How far the Jews had fallen, spiritually speaking! In the beginning of the New Testament, they were eagerly expecting their Messiah (Lu.3:15). Here, they were eagerly expecting the execution of their Messiah’s chief apostle, Peter (v.11).
It’s significant that Peter went to Mark’s house (v.12). The Lord must have eaten the last supper with the 12 there, for Mark says He “cometh with the 12” (Mark14:17,18), i.e., cometh to his house. When they left, Mark must the one who woke up to investigate the noise of the Lord’s arrest in his bedsheet (Mark 14:26,51,52), for he’s the only one who records that story. His house was one of the few with an up-per room large enough for 13 men to sit at one table, so they observed Pentecost in that room as well (Acts 1:13,14). That is how Peter knew where his friends would gather to pray for him. It was the only place big enough to hold them all!
But there’s also a symbolic reason Peter went there. God was shutting down His kingdom program for Israel with the 12 apostles, and starting up His grace program for us with the Apostle Paul. We just saw the kingdom program go forward from the last supper, where it started at Mark’s house, through Pentecost at Mark’s house. Now, it’s starting to go backward, as Peter returned to Mark’s house.
What’s happening here is also symbolic of what God expected His kingdom saints to do now that their program was shutting down. The last supper was all about the cross, and God expected them to cling to the cross in the wake of the shutdown of their program. When your life begins to shut down, clinging to the cross is a good idea for you too.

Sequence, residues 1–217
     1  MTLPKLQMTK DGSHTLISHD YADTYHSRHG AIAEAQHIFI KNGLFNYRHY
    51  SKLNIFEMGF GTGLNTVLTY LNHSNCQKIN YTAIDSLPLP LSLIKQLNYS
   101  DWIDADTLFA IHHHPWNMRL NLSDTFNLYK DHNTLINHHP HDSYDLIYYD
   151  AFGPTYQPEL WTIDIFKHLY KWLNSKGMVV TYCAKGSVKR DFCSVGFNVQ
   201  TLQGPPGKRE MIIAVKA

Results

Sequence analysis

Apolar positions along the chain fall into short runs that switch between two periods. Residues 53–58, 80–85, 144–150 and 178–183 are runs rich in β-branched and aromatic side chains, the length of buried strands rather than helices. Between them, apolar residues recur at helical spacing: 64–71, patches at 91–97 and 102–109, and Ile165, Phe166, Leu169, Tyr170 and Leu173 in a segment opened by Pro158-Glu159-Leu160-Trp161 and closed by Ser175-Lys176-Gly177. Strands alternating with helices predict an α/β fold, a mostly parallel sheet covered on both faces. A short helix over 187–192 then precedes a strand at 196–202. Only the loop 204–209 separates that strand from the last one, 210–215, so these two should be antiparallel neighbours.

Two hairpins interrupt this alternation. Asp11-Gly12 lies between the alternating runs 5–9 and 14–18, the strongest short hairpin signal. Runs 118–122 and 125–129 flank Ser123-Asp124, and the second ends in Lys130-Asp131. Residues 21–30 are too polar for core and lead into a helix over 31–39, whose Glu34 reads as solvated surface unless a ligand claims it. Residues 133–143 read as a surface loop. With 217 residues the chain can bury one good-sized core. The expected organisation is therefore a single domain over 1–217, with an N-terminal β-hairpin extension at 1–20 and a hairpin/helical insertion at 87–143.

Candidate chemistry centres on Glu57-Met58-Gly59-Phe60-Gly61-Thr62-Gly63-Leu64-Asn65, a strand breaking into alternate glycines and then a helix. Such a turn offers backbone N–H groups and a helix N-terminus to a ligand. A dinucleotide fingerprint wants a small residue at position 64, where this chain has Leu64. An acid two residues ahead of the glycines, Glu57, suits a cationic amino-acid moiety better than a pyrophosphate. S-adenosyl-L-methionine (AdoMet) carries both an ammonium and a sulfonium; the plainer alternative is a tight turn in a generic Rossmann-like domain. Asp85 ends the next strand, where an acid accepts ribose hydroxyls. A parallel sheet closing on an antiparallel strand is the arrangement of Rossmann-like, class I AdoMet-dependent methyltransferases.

Knocking at the door of Mark’s gate (Acts 12:13) is a type of Luke 13:23-25. That’s about an unsaved man knocking on the door of the kingdom, but getting turned away. Peter was saved, but was part of “the commonwealth of Israel.” That means when the unsaved nation rejected the kingdom, Peter shared their lot in common and was also turned away.
The disciples were shocked Peter was alive and free (Acts 12:15), showing they hadn’t been praying he’d be released from prison. They were praying his faith wouldn’t fail (cf. Lu.22:31). We know that’s what the Lord prays for us too (Ro.8: 34), for we don’t live in an age where God will deliver us from our troubles if we obey Him, as Israel did. Our apostle promises we must go through tribulations (Acts 14:22), as they did back then (IThes.3:4). Your faith is the only thing that will get you through them, so grow it (Rom.10:17).
They thought Peter’s “angel” was knocking at their door be-cause each Jew had his own angel who represented him in heaven (Mt.18:10)—and not just children. The Lord called His disciples “little children” (Jo.13:31). Jews would pray, and God would send an angel to answer—sometimes audibly (Dan.10:12). A Jew’s angel would report to God when he died. They thought Peter’s angel might be reporting to them because they represented God on earth (cf. Ex.4:10,11). It took Peter a while to get into Mark’s house (Acts 12:16), a type of how it will take him a while to get into the kingdom.
The “James” that Peter told them to tell he was free couldn’t have been the one killed in Acts 12:2. It was “James the Lord’s brother” (Gal.1:19). He didn’t believe on Him (Jo.7: 5) till after He rose from the dead, then became the leader of the 12 in Peter’s place. James calls Peter “Simeon” (Acts15: 13,14), the Hebrew form of Peter’s name “Simon,” which can mean wavering. Peter was a wavering man! He stopped wavering when filled with the Spirit (Acts 2:4), but started up again after He was withdrawn (Gal.2:11,12). The disciples needed an unwavering leader, so James took his place.
The name “Rhoda” (Acts 12:13) means rose. That’s why she was the doorkeeper of a house that represented the kingdom (cf. Isa.35:1,3,4). Aren’t God’s types amazing?